When one is learning how to be on one’s own, balancing the hard things of life can prove to be difficult. For example, students may struggle with stress, test-anxiety and navigating life as a new adult. All of these struggles are valid and deserve to be addressed and helped.
However, long-term mental health struggles among college students is a prominent issue. According to the National Education Association, as of 2023, two-thirds of college students meet the criteria of having one mental health issue. The most common mental health issues that are found among college students are depression and anxiety.
As students of the liberal arts, we are studying human dignity and how precious it is. Because of this, we have no excuse to ignore our duty to advocate for those in need. The UD Counseling Center does amazing work on the issues and stressors first presented but they unfortunately fall short when it comes to providing resources for those struggling long-term.
The UD Counseling Center offers a disclaimer on its website: “While no problem is too big or too small for counseling, our purpose is not to provide intensive treatment for severe, chronic, long-term mental illnesses, or specialized mental health struggles. If you or someone you know struggles with any of these, we can help connect to the specialists necessary to treat these difficulties.”
However, this disclaimer is not always put into practice. One student, in discussing how the center’s service can be improved, spoke on how this disclaimer was not followed through in her case. She spoke of her struggles with mental illness and how she had reached out for help but the counseling center did not refer her to a different service as promised. The student was initially unable to receive the help she needed.
When one struggles with mental illness, it can be a challenge for them to ask for help and even harder for them to find it. It is incredible that the student was able to pick herself up from a very tiring and disheartening service and find herself a private practice.
To see what the university can feasibly do to offer improvements, one can look at precedents set by similar universities. The Cardinal Newman Society recommends col leges who have an outstanding commitment to a faithful Catholic education, and lists schools that align with UD’s purpose. In looking at what these universities are able to offer their students, one can begin to see what UD could offer. Although these universities may also have weak counseling centers and only claim to offer quality resources, they still have offered different outlooks on mental health services through their writing.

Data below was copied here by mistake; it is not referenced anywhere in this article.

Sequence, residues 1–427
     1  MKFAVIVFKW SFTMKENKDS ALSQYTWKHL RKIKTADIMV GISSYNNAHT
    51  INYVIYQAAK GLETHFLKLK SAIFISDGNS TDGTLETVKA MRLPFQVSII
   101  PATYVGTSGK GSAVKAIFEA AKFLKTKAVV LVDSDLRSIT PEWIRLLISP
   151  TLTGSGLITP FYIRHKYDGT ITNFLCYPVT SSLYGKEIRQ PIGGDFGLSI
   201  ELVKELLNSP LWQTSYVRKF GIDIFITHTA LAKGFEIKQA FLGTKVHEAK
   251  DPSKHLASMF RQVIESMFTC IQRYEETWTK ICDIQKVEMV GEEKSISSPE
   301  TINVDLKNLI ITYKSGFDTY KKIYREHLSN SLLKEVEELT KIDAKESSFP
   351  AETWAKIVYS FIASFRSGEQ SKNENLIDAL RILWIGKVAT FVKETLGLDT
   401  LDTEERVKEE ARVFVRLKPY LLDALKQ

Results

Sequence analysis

Several universities that are similar to UD offer medical and psychiatric referrals, an initial assessment interview and the development of an individualized treatment plan. They also offer easy access to several emergency lines and links to local mental health resources for when the counseling center is closed.
The University of Dallas offers short term counseling, which is difficult to get access to because of poor scheduling, referrals which are not always given and the CA R E report, where you can report concerns for someone else’s well-being. Not every university has perfect counseling services, but one can look at what is offered elsewhere to understand what can be improved.
With all of this in mind, I would encourage attention towards the improvement of our counseling ser- vices. The environment at the University of Dallas ought to be commended for how seriously mental health is taken by students and professors alike. This serious attitude towards mental health allows for the encouragement of those seeking help, which is so important.
However, there is a disconnect between the environment and the services. Services for mental health ought to be easily available, and when the university lacks resources to help the individual in need, they ought to provide guidance to receive help outside of the university. Change is possible, we just have to pay attention to what can be improved to better serve those in need.